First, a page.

Chapter One Background: This chapter was certainly an eye opener in more ways than one. While I knew most of the information in it, it still made me stop and think more than once. The whys and hows of the information is just as interesting as the information itself. We know that the Irish Monks wrote done the stories of the oral traditions but I certainly didn’t know that there are even stories of how and why that began. The comparison with other cultures is certainly also very interesting.

The texts are written in both prose and poetry with prose being the main vehicle for the stories and poetry inserted at certain intervals. Each story has a place, person, time and cause of invention for it to be complete. Sagas can be seen in genealogy and the stories can be used to give a political, historical or even a legal message. It is interesting to me that the writing started out in Latin but quickly it changed to Latin and Irish then Irish. They didn’t forget Latin though and translated many Latin texts into Irish.

The chapter also has a discussion about the difference between Druids, Bards, Ovates and Filids, how they were portrayed in the texts and why. The only thing that was a bit weird to read was the author saying that there is no evidence that the Irish, and the Gauls were related in anyway. Uh, how about the language?

Branches of literature, oral traditions and written literature and Ogam, writing and manuscripts are discussed at the end of the chapter. The final part of the chapter gives the reader an example of of the Irish language around 1000 CE.

Chapter Two The Mythological Cycle: The author tells us that the Mythological cycle talks about the Gods and Goddesses and takes place in the Time of the Gods, she also tells us that the Irish myths always describe the shape of the land or place that the myths take place in. This gives us the criteria for the sagas; time, place, and person. Each story gives its own conflict.

This chapter was an interesting (though not always accurate) discussion of some of the “major” Irish Gods, the fire festivals, the myths included in the Mythological cycle and theories of myth in general.

Chapter Three The Heroic Cycle: The Heroic Cycle is also known as the Ulster cycle and it talks about the conflict between Connacht and Ulster. It is one of the largest corpus of material in all the cycles and it contains around 75 stories.

This chapter is a discussion of the major stories in the cycle.

Chapter Four The Fenian Cycle: The Fenian cycle concentrates on Leinster and Munster and Finn mac Cumaill and his band of warriors. The stories of the Fianna are considered the closest to Paganism, which maybe why they didn’t receive as much attention as the other cycles.

This chapter as with the others discusses the stories in the cycle but it also offers a short discussion on what is an outlaw, as well as the imageries of wolf, dog and deer and what they mean for this cycle.

Chapter Five The Cycles of the Kings: The Cycles of the Kings contains 100 stories about the prehistoric and historic kings of Ireland. Another name for this cycle is the “Historic Cycle” even though the historical content of these tales is really questionable. The stories center around the relationship between the Ué Néills, the men of Leinster and Tara. The chapter goes on to discuss some of the stories in this cycle.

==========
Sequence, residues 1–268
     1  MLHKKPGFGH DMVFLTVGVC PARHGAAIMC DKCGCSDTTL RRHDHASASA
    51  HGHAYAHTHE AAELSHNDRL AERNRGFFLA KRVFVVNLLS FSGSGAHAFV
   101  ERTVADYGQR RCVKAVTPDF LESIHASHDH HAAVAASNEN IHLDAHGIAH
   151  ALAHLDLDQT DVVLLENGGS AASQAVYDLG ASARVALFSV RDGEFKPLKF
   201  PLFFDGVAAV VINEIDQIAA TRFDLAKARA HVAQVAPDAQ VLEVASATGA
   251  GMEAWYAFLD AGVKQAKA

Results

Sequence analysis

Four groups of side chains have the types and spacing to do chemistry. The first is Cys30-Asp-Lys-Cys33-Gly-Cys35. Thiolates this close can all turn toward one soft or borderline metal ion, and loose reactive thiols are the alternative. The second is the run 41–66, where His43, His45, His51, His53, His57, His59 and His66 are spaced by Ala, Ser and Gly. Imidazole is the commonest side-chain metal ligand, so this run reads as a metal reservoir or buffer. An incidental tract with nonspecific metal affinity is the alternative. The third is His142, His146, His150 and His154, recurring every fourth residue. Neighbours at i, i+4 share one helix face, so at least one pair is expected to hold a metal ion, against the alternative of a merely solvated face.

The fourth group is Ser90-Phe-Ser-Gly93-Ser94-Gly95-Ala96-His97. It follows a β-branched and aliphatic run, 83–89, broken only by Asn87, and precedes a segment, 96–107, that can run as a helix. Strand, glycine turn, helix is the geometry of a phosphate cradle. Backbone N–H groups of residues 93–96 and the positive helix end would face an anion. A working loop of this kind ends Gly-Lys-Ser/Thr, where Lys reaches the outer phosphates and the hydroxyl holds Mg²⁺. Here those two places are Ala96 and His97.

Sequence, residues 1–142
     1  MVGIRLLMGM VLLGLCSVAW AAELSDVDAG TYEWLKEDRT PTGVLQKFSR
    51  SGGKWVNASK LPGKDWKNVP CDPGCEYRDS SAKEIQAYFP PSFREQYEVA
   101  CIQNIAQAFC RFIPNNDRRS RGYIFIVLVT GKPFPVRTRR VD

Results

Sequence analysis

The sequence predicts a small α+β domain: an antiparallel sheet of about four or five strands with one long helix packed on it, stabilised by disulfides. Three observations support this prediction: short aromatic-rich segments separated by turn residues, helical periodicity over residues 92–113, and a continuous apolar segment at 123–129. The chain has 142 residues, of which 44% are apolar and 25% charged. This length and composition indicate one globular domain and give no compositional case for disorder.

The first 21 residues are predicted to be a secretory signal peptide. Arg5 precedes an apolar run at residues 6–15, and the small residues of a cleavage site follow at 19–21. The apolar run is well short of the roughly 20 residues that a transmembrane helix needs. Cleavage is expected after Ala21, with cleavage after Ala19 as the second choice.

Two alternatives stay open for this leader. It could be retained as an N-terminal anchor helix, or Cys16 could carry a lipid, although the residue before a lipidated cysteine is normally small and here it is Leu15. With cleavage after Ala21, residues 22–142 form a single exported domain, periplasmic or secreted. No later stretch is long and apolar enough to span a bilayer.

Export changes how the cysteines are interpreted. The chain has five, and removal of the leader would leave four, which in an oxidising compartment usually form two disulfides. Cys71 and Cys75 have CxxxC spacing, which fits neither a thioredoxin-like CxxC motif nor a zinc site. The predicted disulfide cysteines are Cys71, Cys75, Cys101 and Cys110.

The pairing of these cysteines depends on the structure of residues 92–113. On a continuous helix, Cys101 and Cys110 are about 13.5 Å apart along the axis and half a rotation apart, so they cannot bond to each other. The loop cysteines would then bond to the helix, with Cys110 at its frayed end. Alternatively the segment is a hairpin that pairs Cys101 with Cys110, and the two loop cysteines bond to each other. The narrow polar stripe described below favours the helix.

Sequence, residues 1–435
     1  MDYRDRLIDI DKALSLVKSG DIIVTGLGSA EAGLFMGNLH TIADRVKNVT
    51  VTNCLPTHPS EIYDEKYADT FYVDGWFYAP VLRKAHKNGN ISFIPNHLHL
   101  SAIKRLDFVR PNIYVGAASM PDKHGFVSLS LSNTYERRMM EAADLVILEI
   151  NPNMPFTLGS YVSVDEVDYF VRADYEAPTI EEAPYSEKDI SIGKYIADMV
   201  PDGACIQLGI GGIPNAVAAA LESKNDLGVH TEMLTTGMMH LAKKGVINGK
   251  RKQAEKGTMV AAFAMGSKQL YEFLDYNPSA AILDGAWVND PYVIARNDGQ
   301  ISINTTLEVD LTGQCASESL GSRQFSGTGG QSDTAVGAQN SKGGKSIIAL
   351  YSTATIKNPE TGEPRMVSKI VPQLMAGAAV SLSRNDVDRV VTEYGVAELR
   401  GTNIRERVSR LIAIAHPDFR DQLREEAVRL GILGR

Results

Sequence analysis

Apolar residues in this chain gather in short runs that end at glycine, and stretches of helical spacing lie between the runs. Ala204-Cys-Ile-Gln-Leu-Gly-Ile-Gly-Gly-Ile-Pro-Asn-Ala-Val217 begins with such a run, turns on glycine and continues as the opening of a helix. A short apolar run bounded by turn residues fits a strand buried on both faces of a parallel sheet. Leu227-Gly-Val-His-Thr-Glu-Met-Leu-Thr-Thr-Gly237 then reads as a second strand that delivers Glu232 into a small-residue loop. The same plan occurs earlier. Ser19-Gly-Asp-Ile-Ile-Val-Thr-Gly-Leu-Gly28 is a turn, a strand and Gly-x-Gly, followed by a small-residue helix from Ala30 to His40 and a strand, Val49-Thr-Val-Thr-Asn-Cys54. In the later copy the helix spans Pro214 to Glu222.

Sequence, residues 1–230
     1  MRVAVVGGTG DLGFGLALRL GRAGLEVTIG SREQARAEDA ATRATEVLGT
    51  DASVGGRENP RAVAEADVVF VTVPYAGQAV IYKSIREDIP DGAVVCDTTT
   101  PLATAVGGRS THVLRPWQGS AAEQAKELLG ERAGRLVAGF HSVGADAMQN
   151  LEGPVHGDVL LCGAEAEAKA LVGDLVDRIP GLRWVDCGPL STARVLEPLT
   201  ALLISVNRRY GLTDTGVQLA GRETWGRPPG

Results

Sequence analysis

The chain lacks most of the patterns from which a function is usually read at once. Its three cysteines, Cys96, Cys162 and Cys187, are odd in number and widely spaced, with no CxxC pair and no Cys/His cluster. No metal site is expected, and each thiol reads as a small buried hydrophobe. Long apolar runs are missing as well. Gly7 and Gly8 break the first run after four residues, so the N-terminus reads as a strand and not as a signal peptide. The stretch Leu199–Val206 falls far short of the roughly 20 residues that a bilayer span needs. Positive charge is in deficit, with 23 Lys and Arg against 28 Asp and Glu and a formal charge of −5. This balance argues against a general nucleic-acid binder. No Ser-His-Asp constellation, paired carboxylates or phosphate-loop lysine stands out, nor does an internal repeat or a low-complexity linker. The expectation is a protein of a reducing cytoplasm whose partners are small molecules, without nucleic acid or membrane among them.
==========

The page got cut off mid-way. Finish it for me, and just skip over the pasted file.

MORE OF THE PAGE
Chapter Six The Otherworld: The Otherworld is associated with four different types of stories in Irish mythology. Some of these stories were written in Latin as well as Irish; these stories are Adventures (Echtraí), Voyages (Immrama), Visions (Físi) and frenzy (baile).

The chapter on the Otherworld discusses its location, nature, visits, Heroic biographies and some of the actual tales as well as comments on them from different literature scholars like J. Carney, and Myles Dillon.

Chapter Seven Kings, Goddesses and Sovereignty: A short chapter on kingship, what it takes to be a king (physical attributes as well as the virtues of the king) and the Sovereignty Goddesses that facilitated that. It talked about the relationship between these Sovereignty Goddesses and the king, the manifestations of these Goddesses and a short note at the end of the chapter on madness in Early Irish literature.

Chapter Eight The Hero and Heroic Biography: This is one of the most interesting chapters of this book. It talks about the Hero and the journey he takes from conception to death. It discusses each stage of the Hero’s life and what it means in Irish literature.

Chapter Nine Poets and Poetry: Another interesting chapter that discusses the role and status of the Poet, and I learned that the combination of prose and poetry that is used in Irish mythology is called prosimetrum. It also talks about some of the poets known and their poetry as well as Early Irish lyrics.

I LOVED this book. It is simple and strata froward, nothing too complicated, certainly AN INTRODUCTION and nothing more. If you know NOTHING about Irish mythology then you should read this book, if you know a bit about Irish mythology but want to refresh what you know and maybe learn a little more then read this book. I highly recommend it.